On an ice-cold day in January, clinical psychologist Emily Holmes picked up a stack of empty diaries and went down to Stockholm’s central train station in search of refugees. She didn’t have to look hard. Crowds of lost-looking young people were milling around the concourse, in clothes too flimsy for the freezing air. “It struck me hard to see how thin some of the young men were,” she says. Holmes, who works at Stockholm’s Karolinska Institute, was seeking help with her research — a pilot project on post-traumatic stress disorder (PTSD), which is all too common in refugees. She wanted to see whether they would be willing to spend a week noting down any flashbacks — fragmented memories of a trauma that rush unbidden into the mind and torment those with PTSD. She easily found volunteers. And when they returned the diaries, Holmes was shocked to see that they reported an average of two a day — many more than the PTSD sufferers she routinely dealt with. “My heart went out to them,” she says. “They managed to travel thousands of kilometres to find their way to safety with this level of symptoms.” Europe is experiencing the largest movement of people since the Second World War. Last year, more than 1.2 million people applied for asylum in the European Union — and those numbers underestimate the scale of the problem. Germany, which has taken in the lion’s share of people, reckons that it received more than a million refugees in 2015, tens of thousands of whom have yet to officially apply for asylum. Most came from Syria, Afghanistan and Iraq. Many have experienced war, shock, upheaval and terrible journeys, and they often have poor physical health. The crisis has attracted global attention and sparked political tension as countries struggle to accommodate and integrate the influx. What hasn’t been widely discussed is the enormous burden of mental-health disorders in migrants and refugees. Clinical psychologist Thomas Elbert from the University of Konstanz in Germany is conducting a local survey of refugees that suggests “more than half of those who arrived in Germany in the last few years show signs of mental disorder, and a quarter of them have a PTSD, anxiety or depression that won’t get better without help”. Previous research shows that refugees and migrants are also at a slightly increased risk of developing schizophrenia. “It is a public-health tragedy — and it’s a scandal that it is not recognized as such, as a physical epidemic would be,” says epidemiologist James Kirkbride of University College London. Doctors and researchers are starting to take action. Holmes and other psychologists and psychiatrists are working with refugees to develop practical, cheap and effective therapies for trauma-related disorders — therapies that could be quickly deployed on this group. Other scientists want to work with local refugees to understand more about how the different types of stresses they suffer play out in their brains, and to learn more about the basic biology of psychiatric disorders. Scientists hope that their studies will help them to deal with other displaced populations, and help policymakers to accommodate the current influx. Politicians have been too slow to consider mental health when they call for refugees to integrate quickly, Elbert says. “It is illusory to think that people can learn a new language and find work when they can’t function properly mentally. If we want quick integration, we need an immediate plan for mental health.” Amira is a clinical psychologist and a refugee from Syria. When the war there started, she worked in camps for Syrian refugees in Jordan. She saw people who had been physically attacked, women who had been raped and children who had been neglected. The symptoms of PTSD were clear, and she knows that many refugees have depression and anxiety, too. She asked that her real name not be used. She arrived in Sweden at the end of December 2015, and wanted to help other refugees but was not allowed to work at first. She tried to make contacts in Stockholm and joined a language course for refugees; she felt very alone but carried on. Now, she has a 6-month position. “I met many children who have experienced war,” she says. “We feel sad, [about] how our children think and how they feel. I have a child and I try to protect him.” Researchers already have a wealth of evidence about the mental health of migrant and refugee populations around the world. (The United Nations defines refugees as people fleeing armed conflict or persecution and migrants as people who choose to move to improve their lives. Asylum seekers are those seeking official refugee status; but sometimes different definitions are used.) A 2005 meta-analysis of studies performed mostly in northern Europe showed that first- and second-generation migrants were at much greater risk of schizophrenia than non-migrants — and that those from developing countries were more at risk than those from developed ones1 . A large cohort study published in March looked at 1.3 million people who had arrived in Sweden before 2011 (see ‘Migrant crisis’). Refugees had a threefold higher incidence of schizophrenia and other psychotic disorders than native-born Swedes, and a 66% higher incidence than migrants who were not refugees2. (The overall risk for refugees and migrants still remains comparatively low, at perhaps 2–3%.) Kirkbride, an author on the study, says that his team’s more recent analysis of UK migration data suggests that the level of increased risk of psychotic disorders may depend on how old people were when they migrated — with children potentially at greater risk. Those who stand out most seem to be particularly vulnerable. The 2005 meta-analysis showed that black migrants in a mostly white population had an almost fivefold increased risk of psychotic disorders1. And the risk is higher for migrants living in neighbourhoods with a low proportion of residents from their own ethnic group compared with those surrounded by many of their own ethnicity3. Psychiatrist Andreas Meyer-Lindenberg from the Central Institute for Mental Health in Mannheim, Germany, is one of those trying to understand the brain mechanisms involved. He has already studied other populations with an above-average risk of psychosis, such as city dwellers4 and ethnic minorities5. The work suggested that the brains of these people are overly sensitive to social stress, such as a stream of disapproving feedback. Thanks to a grant awarded last month from the state government of Baden-Württemberg, Meyer-Lindenberg plans to extend his studies by recruiting 200 refugees and 200 people from the local community. The refugees will use smartphones to note their state of mind — such as feelings of suspiciousness — and they will later receive brain scans. The eventual aim is to find patterns in the data that indicate people with abnormal processing of social stress, who may therefore be at increased risk of mental illness. Jean-Paul Selten, a psychiatrist at Maastricht University in the Netherlands, is also exploring the poisonous nature of social stress. He proposes that pressures such as social exclusion raise the risk of psychosis by changing the brain’s sensitivity to the neurotransmitter dopamine6. Germany’s integration plans, consolidated in a law that came into force in August, involve distributing refugees across the country to avoid the creation of large, isolated ethnic communities. That could be problematic if it increases people’s isolation, but Meyer-Lindenberg says it’s “actually a good policy” — because other people in the community get to know refugees, and this usually reduces xenophobia, another major source of social stress. Politicians consider integration to be essential for security, among other things. A handful of terrorist attacks in Europe over the past two years have been carried out by refugees or others with a migrant background who had been known to have a history of psychiatric problems. But doctors and researchers are extremely wary about making a link between refugees or migrants and terrorist acts, pointing out that very few of those with mental-health problems become violent, regardless of their origins. The security concern simply accentuates the need to help all those with mental-health problems across the population, they say. Psychologists recognize three windows of extreme stress for refugees: the often violent traumas in their home countries that led to their flight; the journey itself; and the arrival, when people are thrust into a foreign country. “The latter ‘post-migration’ phase is becoming increasingly important,” says psychiatrist Malek Bajbouj from the Charité university hospital in Berlin. “Suddenly they realize they have lost everything, have no control over aspects of their lives and no social standing.” In February, Bajbouj — who is of Syrian descent and speaks Arabic — and two colleagues from other departments opened a clearing centre for refugees with mental-health problems, the first of its kind in Germany. It’s a quiet building, a former hospital in the centre of Berlin — but already 1,500 troubled people have passed through its doors. “Refugees may arrive in Germany with great hope, but then find themselves stuck for months in camps with no apparent prospects,” he says. “When we ask them what their greatest stressors are, they typically refer not to their traumatic memories, but to their current frustrations.” The biggest challenge for Bajbouj and others is the sheer volume of people in need of help. They must be assisted quickly and cheaply, in ways that take the pressure off overstretched health professionals. At the clearing centre, three psychiatrists assess visitors rapidly, categorizing them into those who require low-level or more-intensive psychiatric help and those who can be aided by social workers. A lot of effort goes into teaching about stress management and the science behind mental health. “Some people from rural areas hold the Djinn responsible for their moods,” says Bajbouj, “and we teach them that symptoms like sleeplessness and depression are biologically based and can be treated.” Elbert wants to see similar triage systems put in place across Germany. In a paper to be published next month, he and a group of colleagues call for a three-tiered approach. Refugees would initially be helped by bilingual laypeople — ideally migrants or refugees themselves — who are trained to guide people through the German health system (tier one) or to offer trauma counselling (tier two). Those in most need would progress to tier three: qualified psychologists or psychiatrists. Training laypeople seems to work in emergency situations. Elbert, together with Sarah Ayoughi, a clinical psychologist from the psychosocial-care organization Ipso, carried out a randomized controlled study of people with mental-health conditions in north Afghanistan who received psychosocial counselling — a type of talking therapy — conducted by local physicians who had no previous education in psychology or psychiatry, but who were specially trained for the trial. Just 5–8 sessions improved symptoms of depression and anxiety for up to 3 months7. And several studies, including a 2011 randomized controlled trial of former child soldiers in northern Uganda8, show that an approach called narration exposure therapy (NET), carried out by trained lay counsellors, can reduce the severity of PTSD symptoms. Elbert started developing NET with his wife Maggie Schauer, also a clinical psychologist at the University of Konstanz, when they were working with refugees in Kosovo in the late 1990s. It exploits new understanding of how memories are linked with fear circuitry in the brain. A traumatized person works with a therapist or counsellor to construct a narrative of their lives and anchor their traumatic experiences in the correct time and place. Pragmatic as the three-tiered approach may sound, it won’t be simple to introduce in Germany. Professional associations are resistant to allowing people without formal qualifications to help out with psychotherapies, and various regulations could get in the way. But while the federal government ponders what to do, some programmes are starting up with regional government support. Schauer has received €100,000 (US$112,000) to test whether NET works as well on refugees in Germany as it has in war-torn countries. And Ayoughi is organizing the training of refugees in Erfurt in Germany, with additional support from the Google Foundation. Bajbouj thinks that the political desire to get refugees into the workforce fast may end up easing the way for more relaxed rules about psychotherapy. And there is another way to deliver inexpensive mental-health care: through the Internet and apps. He is developing an Arabic-language version of the smartphone app PTSD Coach, which provides education, a personalized emergency plan, self-assessment and 25 different techniques to regulate stress. He is testing it in the Arab Outpatient Centre he opened at the Charité in 2008. In Stockholm, Holmes also hopes that technology can help. The aim of her work is to test whether it’s possible to subdue PTSD-linked emotional flashbacks if a person immediately plays a video game on their phone that competes for cognitive space in the brain — a technique that she has seen work in laboratory tests9. “The important thing now is to develop simple new approaches to therapy that can be scaled up, and to prove that they help,” she says. Sweden, which has taken in a relatively large number of refugees, is also starting mental-health programmes. Early this year, local authorities rolled out a plan to make it easier for refugees to access support: health checks will include more questions about states of mind, and those recognized as being in need will be channelled towards psychological or psychiatric support. The flow of refugees and migrants has eased this year, in part because Turkey has agreed to take back those who illegally entered EU countries from there. But people keep coming. This August, more than 18,000 refugees entered Germany to seek asylum. And even if the current crisis eases, conflict, poverty, natural catastrophe and climate change will inevitably drive fresh waves of migration around the world. “We’ve learnt lessons about mental health from crises in war-torn countries,” says Ayoughi, “and we can apply these in the refugee crisis in Europe now if we get the support.” Then, perhaps, lessons learnt in Europe could feed back to war zones. Bajbouj has been calling for a ‘migration think-tank’, a permanent institution in Germany where scientists of different disciplines can come together to work out what needs to be done. “The challenges are not just about mental health, but about education, integration into the work force and much more,” he says. “But mental health impacts everything.”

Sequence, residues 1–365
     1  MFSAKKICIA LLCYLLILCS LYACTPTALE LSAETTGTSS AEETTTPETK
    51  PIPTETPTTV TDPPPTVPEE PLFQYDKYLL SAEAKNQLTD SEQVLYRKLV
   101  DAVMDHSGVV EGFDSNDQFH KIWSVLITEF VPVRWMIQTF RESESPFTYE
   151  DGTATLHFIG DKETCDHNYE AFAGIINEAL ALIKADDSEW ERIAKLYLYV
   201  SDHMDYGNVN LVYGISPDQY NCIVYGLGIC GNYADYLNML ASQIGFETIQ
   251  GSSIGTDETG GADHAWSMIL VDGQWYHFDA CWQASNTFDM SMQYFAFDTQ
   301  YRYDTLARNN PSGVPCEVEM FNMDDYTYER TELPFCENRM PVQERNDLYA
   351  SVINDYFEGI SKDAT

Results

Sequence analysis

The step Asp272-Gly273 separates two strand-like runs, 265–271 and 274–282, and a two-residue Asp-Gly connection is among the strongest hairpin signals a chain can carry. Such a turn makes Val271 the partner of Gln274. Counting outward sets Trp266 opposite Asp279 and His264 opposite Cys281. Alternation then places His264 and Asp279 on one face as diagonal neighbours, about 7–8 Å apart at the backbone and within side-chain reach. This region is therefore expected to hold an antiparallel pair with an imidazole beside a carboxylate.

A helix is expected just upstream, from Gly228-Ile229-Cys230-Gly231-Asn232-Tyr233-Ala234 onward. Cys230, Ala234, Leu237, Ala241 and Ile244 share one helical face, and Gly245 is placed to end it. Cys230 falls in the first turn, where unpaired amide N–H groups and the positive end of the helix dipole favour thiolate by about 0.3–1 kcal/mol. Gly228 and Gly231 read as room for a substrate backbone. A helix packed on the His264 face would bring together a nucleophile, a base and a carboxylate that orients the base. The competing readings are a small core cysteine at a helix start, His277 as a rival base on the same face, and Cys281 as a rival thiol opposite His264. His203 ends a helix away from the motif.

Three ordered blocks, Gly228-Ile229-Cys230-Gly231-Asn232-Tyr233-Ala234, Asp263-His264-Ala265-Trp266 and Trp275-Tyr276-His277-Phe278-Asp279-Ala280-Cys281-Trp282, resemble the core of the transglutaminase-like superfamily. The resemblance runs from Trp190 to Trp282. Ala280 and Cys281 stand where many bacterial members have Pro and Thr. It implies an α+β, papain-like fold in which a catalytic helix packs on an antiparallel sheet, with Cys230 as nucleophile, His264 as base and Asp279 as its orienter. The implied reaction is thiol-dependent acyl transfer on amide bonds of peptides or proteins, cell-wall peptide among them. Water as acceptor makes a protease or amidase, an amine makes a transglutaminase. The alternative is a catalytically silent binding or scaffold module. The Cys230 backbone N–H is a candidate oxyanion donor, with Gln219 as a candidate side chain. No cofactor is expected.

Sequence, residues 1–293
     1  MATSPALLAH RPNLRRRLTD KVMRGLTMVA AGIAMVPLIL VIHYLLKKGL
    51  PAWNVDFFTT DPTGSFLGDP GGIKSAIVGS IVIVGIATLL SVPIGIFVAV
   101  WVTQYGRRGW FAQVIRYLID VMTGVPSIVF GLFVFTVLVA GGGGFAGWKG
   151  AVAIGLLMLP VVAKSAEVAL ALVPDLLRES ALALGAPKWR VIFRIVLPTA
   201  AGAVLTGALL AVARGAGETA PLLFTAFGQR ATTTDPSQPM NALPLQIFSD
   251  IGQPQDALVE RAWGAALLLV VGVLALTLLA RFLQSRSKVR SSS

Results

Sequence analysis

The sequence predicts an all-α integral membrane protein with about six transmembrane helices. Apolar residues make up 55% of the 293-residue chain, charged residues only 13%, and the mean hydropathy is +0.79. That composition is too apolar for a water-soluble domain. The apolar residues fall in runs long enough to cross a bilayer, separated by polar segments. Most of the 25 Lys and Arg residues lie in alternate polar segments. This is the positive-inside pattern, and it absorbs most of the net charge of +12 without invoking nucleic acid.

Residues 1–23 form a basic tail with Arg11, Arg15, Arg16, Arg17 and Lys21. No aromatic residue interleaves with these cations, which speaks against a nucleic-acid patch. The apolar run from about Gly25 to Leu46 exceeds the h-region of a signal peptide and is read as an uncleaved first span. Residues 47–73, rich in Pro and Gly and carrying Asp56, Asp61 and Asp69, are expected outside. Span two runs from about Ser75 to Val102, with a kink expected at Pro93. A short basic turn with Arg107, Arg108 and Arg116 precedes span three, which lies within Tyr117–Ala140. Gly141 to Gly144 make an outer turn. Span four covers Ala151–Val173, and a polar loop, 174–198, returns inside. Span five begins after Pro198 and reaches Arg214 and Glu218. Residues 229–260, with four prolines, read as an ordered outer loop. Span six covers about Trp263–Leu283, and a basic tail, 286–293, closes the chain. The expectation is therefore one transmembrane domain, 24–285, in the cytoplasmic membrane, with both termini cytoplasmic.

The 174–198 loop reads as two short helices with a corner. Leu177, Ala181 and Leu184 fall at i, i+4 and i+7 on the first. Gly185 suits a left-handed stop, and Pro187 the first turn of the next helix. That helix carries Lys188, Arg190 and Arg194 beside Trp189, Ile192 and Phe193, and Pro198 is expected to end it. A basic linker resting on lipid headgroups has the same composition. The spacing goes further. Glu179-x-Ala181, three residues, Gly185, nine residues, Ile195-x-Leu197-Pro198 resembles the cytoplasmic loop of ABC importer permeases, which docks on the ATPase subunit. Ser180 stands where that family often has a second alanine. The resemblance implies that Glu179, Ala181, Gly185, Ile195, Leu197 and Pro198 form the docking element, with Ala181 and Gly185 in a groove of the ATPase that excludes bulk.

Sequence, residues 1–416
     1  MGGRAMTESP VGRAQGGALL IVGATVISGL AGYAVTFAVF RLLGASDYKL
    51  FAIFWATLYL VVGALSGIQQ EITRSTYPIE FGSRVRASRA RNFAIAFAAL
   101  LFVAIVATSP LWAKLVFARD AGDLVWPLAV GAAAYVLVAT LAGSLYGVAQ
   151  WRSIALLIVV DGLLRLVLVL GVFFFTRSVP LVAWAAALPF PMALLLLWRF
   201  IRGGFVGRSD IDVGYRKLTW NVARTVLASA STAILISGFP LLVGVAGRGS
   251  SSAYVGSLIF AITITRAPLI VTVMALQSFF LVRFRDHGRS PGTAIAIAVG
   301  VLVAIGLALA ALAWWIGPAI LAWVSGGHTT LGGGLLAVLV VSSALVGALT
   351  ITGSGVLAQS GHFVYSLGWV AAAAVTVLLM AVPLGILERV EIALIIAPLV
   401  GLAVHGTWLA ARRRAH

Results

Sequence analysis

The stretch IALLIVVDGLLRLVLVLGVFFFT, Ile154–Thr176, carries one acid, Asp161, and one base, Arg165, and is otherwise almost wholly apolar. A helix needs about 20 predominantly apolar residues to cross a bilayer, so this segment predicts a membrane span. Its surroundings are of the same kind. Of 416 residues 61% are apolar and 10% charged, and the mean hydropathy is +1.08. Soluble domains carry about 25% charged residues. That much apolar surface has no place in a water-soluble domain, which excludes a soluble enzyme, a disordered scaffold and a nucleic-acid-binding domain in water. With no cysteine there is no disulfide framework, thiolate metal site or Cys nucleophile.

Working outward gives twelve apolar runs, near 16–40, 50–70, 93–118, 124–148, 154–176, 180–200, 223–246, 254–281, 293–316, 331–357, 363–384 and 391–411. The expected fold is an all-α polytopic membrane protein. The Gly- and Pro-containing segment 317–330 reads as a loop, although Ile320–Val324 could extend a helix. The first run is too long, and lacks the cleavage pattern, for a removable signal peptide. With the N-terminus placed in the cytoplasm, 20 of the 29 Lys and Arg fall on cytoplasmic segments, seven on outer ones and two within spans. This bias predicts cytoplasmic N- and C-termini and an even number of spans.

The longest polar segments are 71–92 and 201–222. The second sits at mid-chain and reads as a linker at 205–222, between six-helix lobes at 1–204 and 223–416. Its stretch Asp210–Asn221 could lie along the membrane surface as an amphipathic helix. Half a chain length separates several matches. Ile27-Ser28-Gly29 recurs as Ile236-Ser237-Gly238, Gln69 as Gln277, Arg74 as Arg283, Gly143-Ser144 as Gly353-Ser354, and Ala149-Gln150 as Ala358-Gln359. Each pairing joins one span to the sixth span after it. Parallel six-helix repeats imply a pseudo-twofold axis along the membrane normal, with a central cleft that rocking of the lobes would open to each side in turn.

Grigoroiu-Serbanescu M.,Alexandru Obregia Clinical Psychiatric Hospital |